The House passed a temporary spending bill Tuesday to keep the U.S. government open until March 23 and fund the Defense Department through September as congressional leaders closed in on a longer-term agreement.
The 245-182 vote continues a pattern of using stopgap spending to fund the government since the fiscal year began Oct. 1, with lawmakers unable to agree to a full-year budget.
The measure would extend most government funding at current levels until March 23 while lifting budget caps to provide $659 billion for the Pentagon through Sept. 30.
A broader budget deal may be added to the legislation, H.R. 1892, before a Senate vote. Leaders in both parties are working on a two-year deal to lift caps on defense and domestic spending and break the cycle of temporary measures. A revised bill would have to be voted on again by the House before current funding runs out at the end of the day Thursday.
Senate leaders said they don’t want to bring the government to the brink of a shutdown and see little risk that it would occur. Last month, the government was closed for three days as lawmakers sought to work out differences on the last temporary measure.
“I think we’re on the way to getting an agreement, and getting it very soon,” Senate Majority Leader Mitch McConnell of Kentucky said Tuesday after lunch with GOP members.
Senator John Cornyn of Texas, the chamber’s second-ranking Republican, said he hopes a budget deal would include a provision to raise the U.S. debt ceiling. The nonpartisan Congressional Budget Office predicts the Treasury can prevent a default only through early March, and Treasury Secretary Steven Mnuchin urged Congress Tuesday to “act as soon as possible.”
House and Senate leaders have been discussing a two-year budget deal that would cost more than $250 billion for this fiscal year and the next one that begins Oct. 1. Defense caps for each year would be raised by about $80 billion, while non-defense spending limits would be raised by about $60 billion. Budget gimmicks would be used to add more domestic spending, allowing Democrats to claim that the cap increase treats defense and non-defense equally.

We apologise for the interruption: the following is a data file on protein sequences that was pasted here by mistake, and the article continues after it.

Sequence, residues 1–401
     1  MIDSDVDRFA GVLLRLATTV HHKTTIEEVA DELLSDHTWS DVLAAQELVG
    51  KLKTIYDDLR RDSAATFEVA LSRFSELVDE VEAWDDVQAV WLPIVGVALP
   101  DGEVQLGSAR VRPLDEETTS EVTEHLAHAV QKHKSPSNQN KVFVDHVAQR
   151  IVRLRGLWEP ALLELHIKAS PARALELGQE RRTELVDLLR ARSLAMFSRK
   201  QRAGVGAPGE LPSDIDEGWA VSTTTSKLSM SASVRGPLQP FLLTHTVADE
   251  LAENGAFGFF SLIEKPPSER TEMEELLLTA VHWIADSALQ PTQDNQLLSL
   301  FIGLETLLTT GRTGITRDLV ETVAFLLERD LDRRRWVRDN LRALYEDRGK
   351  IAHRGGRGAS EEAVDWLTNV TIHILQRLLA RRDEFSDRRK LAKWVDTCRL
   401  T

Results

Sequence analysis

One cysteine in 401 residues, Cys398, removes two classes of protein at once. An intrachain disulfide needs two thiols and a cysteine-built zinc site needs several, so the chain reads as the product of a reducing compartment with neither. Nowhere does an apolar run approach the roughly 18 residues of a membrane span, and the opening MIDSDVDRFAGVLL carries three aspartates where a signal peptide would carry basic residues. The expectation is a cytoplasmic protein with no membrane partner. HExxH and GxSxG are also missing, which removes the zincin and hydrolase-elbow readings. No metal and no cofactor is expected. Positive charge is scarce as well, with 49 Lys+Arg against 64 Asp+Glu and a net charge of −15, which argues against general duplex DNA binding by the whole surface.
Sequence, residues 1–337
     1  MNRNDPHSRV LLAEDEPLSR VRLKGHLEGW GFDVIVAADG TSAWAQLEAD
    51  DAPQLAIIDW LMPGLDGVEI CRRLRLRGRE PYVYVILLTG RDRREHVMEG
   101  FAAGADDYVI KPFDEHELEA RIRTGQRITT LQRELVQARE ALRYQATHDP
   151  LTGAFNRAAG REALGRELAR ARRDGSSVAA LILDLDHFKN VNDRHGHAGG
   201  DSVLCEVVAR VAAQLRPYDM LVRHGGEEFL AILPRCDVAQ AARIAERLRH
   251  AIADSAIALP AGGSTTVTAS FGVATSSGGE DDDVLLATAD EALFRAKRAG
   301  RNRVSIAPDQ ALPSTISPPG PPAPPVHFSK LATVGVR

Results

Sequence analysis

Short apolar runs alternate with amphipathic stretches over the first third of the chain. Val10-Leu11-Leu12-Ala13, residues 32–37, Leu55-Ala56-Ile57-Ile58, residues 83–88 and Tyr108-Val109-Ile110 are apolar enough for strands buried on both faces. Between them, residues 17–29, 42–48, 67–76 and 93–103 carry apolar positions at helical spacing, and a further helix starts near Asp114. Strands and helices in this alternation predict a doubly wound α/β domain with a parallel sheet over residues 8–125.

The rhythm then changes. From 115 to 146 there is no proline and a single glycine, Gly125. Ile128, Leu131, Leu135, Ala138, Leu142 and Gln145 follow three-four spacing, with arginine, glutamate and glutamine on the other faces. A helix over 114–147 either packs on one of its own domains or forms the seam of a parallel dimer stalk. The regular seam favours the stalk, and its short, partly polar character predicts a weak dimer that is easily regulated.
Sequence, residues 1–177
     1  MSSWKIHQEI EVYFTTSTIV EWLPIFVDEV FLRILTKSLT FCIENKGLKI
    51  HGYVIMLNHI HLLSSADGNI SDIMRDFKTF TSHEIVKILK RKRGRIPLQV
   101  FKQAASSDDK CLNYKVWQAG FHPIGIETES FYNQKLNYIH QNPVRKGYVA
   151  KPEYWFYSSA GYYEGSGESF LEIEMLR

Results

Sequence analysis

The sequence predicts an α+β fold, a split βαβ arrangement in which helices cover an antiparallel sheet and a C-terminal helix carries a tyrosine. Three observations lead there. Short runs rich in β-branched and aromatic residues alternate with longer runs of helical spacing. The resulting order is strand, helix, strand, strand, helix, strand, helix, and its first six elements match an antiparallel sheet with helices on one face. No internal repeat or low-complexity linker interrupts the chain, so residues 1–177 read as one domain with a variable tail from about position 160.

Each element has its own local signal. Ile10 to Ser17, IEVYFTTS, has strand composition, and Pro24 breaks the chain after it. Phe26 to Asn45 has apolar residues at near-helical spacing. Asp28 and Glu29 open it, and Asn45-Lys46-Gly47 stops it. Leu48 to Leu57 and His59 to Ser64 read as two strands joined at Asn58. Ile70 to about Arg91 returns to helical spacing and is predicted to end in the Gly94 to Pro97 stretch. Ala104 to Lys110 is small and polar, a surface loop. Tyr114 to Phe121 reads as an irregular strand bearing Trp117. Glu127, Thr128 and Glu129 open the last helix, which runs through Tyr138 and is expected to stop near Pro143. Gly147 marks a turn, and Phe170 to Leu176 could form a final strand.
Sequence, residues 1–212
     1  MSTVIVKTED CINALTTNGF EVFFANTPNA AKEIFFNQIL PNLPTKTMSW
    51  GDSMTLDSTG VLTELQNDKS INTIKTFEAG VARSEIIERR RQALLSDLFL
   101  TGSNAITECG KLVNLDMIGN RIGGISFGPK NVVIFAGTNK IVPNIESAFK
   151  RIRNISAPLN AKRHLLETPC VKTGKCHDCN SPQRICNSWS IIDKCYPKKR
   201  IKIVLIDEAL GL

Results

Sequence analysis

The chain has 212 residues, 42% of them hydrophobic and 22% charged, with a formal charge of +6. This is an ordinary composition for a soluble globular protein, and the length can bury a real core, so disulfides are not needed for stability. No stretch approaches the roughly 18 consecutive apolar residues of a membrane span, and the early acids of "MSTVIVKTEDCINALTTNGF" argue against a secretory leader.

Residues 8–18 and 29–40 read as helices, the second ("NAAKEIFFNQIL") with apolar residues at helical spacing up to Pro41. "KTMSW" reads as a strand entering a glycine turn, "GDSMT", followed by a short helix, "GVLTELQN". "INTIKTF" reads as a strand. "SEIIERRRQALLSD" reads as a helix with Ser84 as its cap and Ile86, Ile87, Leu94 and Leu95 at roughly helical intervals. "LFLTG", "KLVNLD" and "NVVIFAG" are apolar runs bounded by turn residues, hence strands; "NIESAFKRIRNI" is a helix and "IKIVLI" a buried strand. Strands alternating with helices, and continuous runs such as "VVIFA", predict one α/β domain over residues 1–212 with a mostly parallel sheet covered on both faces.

A Senate agreement to raise domestic spending along with Pentagon funding would likely be met by objections from conservative House Republicans, potentially forcing House Speaker Paul Ryan of Wisconsin to rely on Democratic votes to pass the measure.
House Democrats already anticipate they will have to cut short their scheduled three-day policy retreat beginning Wednesday in Cambridge, Maryland, to return to the Capitol for a second vote on the Senate version of the spending plan.
The higher spending would add to an expanding federal budget deficit that Steve Bell, a former Senate Budget Committee staff director, forecast would reach as much as $1 trillion next year.
The budget shortfall grew to $666 billion last fiscal year because of higher spending on Medicare, Social Security and other programs for an aging population. The gap is expected to widen further due to new tax cuts that are projected to reduce revenue by almost $1.5 trillion over the next decade.
Even as the threat of a government shutdown was ebbing in Congress, President Donald Trump was threatening to force one if Democrats refuse to meet his demands on immigration legislation.
“I’d love to see a shutdown if we don’t get this stuff taken care of,” Trump said at an event with law enforcement officials to discuss MS-13, a predominantly Latino gang whose members include undocumented immigrants.
An attempt by Democrats to add deportation protections for about 700,000 young undocumented immigrants to the last spending bill led to a three-day government shutdown. But that obstacle was removed after McConnell said he’ll allow the Senate to debate an immigration bill after Friday if the government remains open.